Jeremiah was a playful, lovable baby – but when he was just five months old, mum Aneesa realised something was quite seriously wrong.
Jeremiah started to become floppy and weak, he was unable to lift his head, lie on his tummy to play, or hold his arms and legs like he used to.
‘He would sleep all the time and simply had no energy – not even to play peek-a-boo, which is his favourite thing to do,’ Aneesa tells Metro.co.uk.
After many weeks of being dismissed by doctors, Aneese persevered because she just knew that something was wrong with Jeremiah. She spent all her time with him and noticed the subtle changes in his behaviour that doctors didn’t see.
After finally seeing a skilled therapist, Aneesa was advised to get emergency referrals to a neurologist and a geneticist, but with the waiting times being so long, she turned to Greenwood Genetics and was seen the next day via a video consultation with a doctor.
‘She did a thorough exam of his body, they collected paternal and maternal data and ordered blood samples,’ explains Aneesa. ‘They also tried to assist us with the other referrals to see a neurologist and of course I switched paediatricians. In our case, the swift response of Greenwood’s team saved my baby’s life.’
Katie Clarkson, MD and GGC clinical geneticist, considered several tests, but with a long list of possible diagnoses, she suggested whole-exome sequencing, a diagnostic test looking for mutations in the coding regions of all 20,000 genes.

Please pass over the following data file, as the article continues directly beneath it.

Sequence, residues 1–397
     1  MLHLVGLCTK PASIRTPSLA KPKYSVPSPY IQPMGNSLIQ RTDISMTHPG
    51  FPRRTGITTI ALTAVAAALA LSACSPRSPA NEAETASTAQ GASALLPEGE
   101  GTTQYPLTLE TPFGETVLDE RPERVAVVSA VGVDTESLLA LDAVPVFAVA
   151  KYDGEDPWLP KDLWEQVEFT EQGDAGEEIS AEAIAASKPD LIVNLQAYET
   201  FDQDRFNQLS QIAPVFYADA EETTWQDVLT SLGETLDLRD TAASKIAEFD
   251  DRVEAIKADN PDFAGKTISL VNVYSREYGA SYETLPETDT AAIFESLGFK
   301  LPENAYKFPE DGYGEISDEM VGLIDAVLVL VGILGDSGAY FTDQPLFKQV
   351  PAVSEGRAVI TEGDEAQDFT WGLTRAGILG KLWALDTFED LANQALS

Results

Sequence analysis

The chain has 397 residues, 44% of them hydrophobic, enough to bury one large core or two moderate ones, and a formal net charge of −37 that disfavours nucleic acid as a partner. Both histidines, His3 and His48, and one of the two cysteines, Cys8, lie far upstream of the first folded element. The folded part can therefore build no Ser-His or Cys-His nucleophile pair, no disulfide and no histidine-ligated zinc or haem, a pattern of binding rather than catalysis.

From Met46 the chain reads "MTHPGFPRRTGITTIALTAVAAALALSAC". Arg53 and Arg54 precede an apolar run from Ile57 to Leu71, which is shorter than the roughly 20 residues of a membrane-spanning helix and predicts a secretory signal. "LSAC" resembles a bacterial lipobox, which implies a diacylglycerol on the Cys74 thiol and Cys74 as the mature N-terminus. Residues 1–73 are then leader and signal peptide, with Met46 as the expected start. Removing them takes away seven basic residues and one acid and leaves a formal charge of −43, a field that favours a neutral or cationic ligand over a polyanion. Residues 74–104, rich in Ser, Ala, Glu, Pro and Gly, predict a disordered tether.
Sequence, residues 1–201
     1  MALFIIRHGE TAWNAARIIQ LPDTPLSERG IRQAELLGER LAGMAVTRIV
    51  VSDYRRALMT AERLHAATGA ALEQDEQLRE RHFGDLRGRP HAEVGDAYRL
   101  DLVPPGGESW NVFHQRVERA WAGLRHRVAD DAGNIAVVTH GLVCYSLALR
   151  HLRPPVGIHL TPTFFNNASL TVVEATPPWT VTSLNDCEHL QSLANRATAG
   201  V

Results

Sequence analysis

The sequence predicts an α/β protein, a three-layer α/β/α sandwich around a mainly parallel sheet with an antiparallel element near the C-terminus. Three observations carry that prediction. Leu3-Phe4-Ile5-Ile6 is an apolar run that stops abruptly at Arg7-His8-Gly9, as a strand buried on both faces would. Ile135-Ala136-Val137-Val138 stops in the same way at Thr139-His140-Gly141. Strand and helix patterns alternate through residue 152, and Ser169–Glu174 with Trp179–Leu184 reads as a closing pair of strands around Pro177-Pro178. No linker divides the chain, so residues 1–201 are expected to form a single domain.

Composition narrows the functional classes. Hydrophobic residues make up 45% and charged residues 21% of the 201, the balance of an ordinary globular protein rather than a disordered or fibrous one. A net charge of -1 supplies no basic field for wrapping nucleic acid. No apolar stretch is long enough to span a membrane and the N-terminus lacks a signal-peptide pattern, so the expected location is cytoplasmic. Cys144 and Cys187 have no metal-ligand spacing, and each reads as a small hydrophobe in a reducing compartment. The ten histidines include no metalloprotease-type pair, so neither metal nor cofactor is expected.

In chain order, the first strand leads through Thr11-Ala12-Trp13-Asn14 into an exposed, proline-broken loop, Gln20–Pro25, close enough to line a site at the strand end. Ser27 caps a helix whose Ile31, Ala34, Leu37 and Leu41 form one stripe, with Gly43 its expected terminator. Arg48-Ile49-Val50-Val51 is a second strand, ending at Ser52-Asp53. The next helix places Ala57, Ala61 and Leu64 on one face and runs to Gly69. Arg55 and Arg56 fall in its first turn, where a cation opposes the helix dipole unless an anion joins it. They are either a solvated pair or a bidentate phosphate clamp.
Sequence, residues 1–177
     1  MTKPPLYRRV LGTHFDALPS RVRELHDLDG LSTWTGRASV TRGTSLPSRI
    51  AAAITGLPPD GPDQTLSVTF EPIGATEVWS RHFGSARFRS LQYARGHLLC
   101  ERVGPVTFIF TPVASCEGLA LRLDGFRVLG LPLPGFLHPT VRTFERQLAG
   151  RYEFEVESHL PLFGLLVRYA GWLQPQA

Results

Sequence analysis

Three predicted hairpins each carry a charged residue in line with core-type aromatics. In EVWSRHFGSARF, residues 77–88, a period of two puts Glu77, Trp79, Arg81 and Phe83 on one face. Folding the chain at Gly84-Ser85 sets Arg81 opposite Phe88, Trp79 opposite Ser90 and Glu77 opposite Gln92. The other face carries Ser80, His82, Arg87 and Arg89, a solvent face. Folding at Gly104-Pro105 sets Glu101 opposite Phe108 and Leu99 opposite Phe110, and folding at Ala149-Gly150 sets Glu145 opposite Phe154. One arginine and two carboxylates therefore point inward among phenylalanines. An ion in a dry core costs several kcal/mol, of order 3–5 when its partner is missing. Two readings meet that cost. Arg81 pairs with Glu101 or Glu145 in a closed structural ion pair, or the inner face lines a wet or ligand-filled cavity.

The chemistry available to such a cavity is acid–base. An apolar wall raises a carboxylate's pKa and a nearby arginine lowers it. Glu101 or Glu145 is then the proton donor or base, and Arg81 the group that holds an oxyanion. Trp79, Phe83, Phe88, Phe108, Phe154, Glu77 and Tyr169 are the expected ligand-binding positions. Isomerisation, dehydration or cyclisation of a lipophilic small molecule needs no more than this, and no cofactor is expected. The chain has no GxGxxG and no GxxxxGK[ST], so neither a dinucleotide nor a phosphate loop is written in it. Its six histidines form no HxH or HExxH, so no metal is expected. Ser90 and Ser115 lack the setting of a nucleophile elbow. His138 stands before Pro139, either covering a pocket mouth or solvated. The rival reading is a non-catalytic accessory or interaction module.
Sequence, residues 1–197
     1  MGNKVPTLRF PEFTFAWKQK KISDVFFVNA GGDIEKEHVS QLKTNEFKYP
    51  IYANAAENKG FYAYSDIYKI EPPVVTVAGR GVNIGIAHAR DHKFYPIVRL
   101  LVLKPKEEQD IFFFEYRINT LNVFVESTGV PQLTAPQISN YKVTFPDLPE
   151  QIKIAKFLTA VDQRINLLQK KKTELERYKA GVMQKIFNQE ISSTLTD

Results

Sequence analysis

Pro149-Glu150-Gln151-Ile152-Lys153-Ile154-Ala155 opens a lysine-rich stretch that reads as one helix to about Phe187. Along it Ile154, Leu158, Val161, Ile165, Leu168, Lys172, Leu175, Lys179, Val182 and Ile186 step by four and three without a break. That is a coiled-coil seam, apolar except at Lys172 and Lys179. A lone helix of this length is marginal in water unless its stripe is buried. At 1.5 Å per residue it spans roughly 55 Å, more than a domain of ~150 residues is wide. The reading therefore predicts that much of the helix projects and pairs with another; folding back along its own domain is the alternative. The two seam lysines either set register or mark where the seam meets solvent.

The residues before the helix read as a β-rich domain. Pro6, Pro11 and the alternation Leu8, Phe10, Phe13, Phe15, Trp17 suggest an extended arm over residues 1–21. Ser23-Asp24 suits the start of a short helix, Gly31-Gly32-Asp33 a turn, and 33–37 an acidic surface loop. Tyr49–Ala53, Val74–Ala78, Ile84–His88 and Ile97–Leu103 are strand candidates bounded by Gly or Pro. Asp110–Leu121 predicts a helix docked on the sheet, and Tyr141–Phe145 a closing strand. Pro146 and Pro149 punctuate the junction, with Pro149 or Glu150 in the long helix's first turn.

Because of Jeremiah’s rapid regression, the test that typically takes 10 weeks for a result was fast-tracked by GGC’s Diagnostic Laboratory, and an answer came in fewer than three weeks. The doctors identified two changes in the TK2 gene.
This gene is known to cause mitochondrial DNA depletion syndrome, type 2 also called TK2 deficiency.
TK2 deficiency is an incurable disease that progresses quickly, causing muscle weakness, problems with chewing, swallowing, and breathing, loss of motor skills, and slowed mental development.
Aneesa was devastated to receive such a complex and life-altering diagnosis for her son.
‘I wanted an answer similar to the one the doctor prescribes for the cold – take this pill, get some rest – or maybe just a physical therapy routine,’ she says. ‘Instead, I was told that there is no treatment, no cure and that your son has a rare progressive disorder.
‘It was overwhelming, but due to the time-sensitivity, I was grateful that we had an answer to what dreaded monster we were truly facing. I typed the name of it into Google and cried for days.’
Jeremiah’s illness has affected his mobility, his nutrition and his other bodily functions. He is connected to oxygen at night to make sure he is breathing, and Aneesa has to keep a suction machine close by in case he produces too much saliva.
He has been rushed to hospital for pain and new symptoms many times since his diagnosis, and sadly, the early the onset of the disease, the more severe it is likely to be, But Aneesa is just happy to have some answers.
‘I am thankful that Jeremiah’s diagnosis was early so that he does not miss running around or doing other activities,’ she explains. ‘To him, it’s just a lot of work to get to certain milestones regarding growth and development.